Intended for healthcare professionals

Rapid response to:

Head To Head

Is ADHD a valid diagnosis in adults? No

BMJ 2010; 340 doi: https://doi.org/10.1136/bmj.c547 (Published 26 March 2010) Cite this as: BMJ 2010;340:c547

Rapid Response:

Lessons from the History of ADHD

As an historian who has researched the history of ADHD for many
years, I was intrigued by the debate published on the validity of Adult
ADHD. I think one of the reasons that debates such as these are still
raging about the legitimacy of ADHD as a diagnosis for either children or
adults, is a profound lack of understanding of the history of the
disorder. Drs. Moncrieff and Timimi are perfectly correct that drug
companies have marketed the concept of Adult ADHD to potential consumers -
certainly they did so at PTA meetings in the United States during the
1960s and 1970s - but this is only part of the story. Disorders such as
ADHD are not merely a diabolical construction of companies intended to
make profits, or an invention of psychiatrists and educators to boost
professional prestige and control children; instead they are a reflection
of the disconnect between society's expectations for the academic and
occupational performance of children and adults, and the ability of
children and adults to live up to such expectations.

My research demonstrates that ADHD, as we know it, emerged during the
1950s in the United States, during a time when enormous expecations were
placed on the backs of the baby boom generation, the first hyperactive
children and the largest cohort ever born in the U.S. Concerned about
perceived American deficiences in science and technology, as evidenced by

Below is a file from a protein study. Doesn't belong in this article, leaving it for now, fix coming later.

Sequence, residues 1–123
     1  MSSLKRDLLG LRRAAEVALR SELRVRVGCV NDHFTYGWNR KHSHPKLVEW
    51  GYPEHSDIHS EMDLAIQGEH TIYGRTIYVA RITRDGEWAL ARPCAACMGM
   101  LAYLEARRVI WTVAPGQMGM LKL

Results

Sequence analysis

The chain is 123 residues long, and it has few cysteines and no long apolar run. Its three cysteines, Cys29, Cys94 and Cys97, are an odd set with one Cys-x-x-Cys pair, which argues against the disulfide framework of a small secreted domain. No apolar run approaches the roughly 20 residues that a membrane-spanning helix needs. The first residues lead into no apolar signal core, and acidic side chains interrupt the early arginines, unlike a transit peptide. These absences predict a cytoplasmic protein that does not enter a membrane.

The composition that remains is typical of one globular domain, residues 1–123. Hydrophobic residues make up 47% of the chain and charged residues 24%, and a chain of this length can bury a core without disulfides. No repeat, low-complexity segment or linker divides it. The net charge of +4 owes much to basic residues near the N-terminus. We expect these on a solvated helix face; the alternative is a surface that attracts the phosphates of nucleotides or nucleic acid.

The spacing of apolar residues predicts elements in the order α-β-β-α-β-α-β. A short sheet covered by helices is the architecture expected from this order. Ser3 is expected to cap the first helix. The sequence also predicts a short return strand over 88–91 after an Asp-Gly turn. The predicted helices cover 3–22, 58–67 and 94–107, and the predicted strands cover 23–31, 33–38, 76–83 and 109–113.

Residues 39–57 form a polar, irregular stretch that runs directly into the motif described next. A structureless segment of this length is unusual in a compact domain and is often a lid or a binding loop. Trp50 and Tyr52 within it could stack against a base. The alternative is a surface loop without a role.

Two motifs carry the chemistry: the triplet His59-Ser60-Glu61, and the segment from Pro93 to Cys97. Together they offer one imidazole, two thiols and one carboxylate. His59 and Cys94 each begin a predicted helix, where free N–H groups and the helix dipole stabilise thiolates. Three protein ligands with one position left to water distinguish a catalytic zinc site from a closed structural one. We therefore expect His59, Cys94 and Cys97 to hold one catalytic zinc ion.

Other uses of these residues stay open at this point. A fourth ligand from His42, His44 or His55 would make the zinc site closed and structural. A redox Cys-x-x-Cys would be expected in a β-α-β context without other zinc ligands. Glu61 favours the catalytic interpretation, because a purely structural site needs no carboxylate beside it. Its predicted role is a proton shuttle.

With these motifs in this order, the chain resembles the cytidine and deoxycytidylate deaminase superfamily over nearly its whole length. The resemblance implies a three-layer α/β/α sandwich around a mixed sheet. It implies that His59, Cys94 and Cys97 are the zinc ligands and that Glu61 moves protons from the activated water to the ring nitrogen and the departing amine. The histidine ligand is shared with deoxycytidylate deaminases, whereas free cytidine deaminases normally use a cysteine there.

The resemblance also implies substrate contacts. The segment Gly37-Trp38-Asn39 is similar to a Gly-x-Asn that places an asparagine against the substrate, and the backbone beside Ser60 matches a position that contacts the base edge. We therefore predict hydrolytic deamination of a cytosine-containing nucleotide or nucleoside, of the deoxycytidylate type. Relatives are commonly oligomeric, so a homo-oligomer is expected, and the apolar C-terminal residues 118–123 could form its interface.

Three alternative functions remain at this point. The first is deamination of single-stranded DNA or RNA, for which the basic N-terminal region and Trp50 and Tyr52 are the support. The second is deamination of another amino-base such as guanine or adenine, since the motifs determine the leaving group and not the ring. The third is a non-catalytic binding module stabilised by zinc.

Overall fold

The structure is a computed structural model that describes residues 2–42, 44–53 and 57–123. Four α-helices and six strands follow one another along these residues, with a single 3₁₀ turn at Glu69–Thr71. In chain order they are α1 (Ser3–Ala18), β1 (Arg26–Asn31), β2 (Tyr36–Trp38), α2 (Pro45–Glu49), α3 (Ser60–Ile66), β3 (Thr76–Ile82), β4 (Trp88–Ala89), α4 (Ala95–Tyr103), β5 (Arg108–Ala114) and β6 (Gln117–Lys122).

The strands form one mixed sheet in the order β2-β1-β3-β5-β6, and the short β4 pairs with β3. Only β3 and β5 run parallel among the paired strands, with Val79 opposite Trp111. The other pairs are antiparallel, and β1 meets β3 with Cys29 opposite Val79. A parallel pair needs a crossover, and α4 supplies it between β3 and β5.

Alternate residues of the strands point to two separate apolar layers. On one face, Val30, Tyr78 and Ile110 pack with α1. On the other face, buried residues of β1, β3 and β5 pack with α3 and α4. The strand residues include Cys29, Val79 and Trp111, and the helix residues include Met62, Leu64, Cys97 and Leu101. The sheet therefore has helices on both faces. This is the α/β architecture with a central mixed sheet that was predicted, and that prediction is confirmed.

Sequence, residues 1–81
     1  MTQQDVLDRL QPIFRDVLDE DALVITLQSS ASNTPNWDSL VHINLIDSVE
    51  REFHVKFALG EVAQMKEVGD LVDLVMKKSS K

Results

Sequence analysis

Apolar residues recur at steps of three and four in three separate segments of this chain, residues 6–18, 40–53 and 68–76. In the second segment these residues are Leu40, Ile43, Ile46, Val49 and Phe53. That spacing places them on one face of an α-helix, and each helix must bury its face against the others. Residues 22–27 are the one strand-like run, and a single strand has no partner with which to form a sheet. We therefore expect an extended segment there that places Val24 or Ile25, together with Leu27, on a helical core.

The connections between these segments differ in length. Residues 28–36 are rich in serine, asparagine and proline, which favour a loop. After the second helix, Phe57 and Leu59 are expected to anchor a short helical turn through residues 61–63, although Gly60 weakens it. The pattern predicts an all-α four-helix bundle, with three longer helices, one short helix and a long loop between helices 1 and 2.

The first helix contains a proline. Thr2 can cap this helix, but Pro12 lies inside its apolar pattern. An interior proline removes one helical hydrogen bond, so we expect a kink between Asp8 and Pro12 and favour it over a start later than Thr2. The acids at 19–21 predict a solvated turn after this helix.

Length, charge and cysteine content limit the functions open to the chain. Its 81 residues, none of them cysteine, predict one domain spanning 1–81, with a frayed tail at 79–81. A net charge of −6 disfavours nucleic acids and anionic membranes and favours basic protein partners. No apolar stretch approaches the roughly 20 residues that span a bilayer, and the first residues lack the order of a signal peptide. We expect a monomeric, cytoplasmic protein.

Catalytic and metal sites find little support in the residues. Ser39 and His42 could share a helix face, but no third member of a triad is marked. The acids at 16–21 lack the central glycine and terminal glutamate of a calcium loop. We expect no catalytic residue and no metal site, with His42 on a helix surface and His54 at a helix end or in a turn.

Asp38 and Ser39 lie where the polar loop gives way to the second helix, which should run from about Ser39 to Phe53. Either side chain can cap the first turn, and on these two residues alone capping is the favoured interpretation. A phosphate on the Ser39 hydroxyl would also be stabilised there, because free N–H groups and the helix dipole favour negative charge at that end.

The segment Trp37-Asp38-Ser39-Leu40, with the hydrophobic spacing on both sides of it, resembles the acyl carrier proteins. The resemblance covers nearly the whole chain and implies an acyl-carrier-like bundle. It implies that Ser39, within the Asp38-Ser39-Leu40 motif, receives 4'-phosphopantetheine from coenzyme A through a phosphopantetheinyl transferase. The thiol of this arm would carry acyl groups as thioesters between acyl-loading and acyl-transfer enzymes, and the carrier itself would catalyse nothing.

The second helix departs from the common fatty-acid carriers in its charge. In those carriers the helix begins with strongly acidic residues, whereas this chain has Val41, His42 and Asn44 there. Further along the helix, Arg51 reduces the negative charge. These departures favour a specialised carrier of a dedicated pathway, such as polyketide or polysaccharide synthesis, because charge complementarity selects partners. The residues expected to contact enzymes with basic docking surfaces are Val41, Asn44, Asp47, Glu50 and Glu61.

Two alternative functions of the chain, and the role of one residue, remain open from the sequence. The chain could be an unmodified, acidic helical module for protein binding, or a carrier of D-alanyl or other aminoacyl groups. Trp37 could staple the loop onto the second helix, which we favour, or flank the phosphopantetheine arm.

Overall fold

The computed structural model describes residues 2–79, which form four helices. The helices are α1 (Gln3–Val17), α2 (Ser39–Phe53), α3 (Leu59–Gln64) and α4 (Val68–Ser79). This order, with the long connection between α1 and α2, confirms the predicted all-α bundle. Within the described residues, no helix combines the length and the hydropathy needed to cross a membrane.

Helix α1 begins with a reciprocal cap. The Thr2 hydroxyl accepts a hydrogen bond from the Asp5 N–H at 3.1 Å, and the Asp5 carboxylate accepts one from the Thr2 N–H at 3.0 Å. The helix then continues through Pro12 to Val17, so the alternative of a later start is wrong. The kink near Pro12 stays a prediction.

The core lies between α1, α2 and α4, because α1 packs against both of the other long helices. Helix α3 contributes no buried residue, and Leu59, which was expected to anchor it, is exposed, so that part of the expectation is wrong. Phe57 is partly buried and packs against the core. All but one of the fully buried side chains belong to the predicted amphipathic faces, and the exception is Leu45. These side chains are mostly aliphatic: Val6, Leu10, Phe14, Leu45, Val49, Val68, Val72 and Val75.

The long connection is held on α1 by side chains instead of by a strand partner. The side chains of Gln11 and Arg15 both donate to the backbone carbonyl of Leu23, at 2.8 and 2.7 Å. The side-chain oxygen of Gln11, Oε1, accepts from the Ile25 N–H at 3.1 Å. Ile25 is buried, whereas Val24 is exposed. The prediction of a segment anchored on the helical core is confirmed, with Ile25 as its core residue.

the Soviet launching of Sputnik, education critics demanded more of
students, particularly in the areas of science, mathematics, English and
foreign languages. Such demands were reified in the National Defense
Education Act of 1958. The behavioural characteristics of underachieving
children were soon identified, most of which could be enveloped in the
1957 term 'hyperkinetic impulse disorder', a precursor for ADHD, and
action was taken by school guidance counsellors, a new American
profession, to identify and help such underachieving children. This
coincided with the emergence of many psychoactive drugs to treat not only
hyperactivity, but also depression, psychosis and anxiety. One of these
drugs, which had previously been marketed to geriatric and depressed
patients as a 'pep pill', was Ritalin.

These sorts of factors, and many, many others, must be taken into account
if a reasonable account of the emergence of disorders, such as ADHD (and
PTSD, anorexia nervosa, anxiety disorder, OCD, etc...) can be made. We
need to understand the history of these concepts if we are to deal with
them effectively and get away from polarised debates that lead us nowhere.

Competing interests:
None declared

Competing interests: No competing interests

01 April 2010
Matthew PC Smith
Wellcome Trust Research Fellow
Centre for Medical History, University of Exeter, Amory Building, Rennes Drive, exeter EX4 4RJ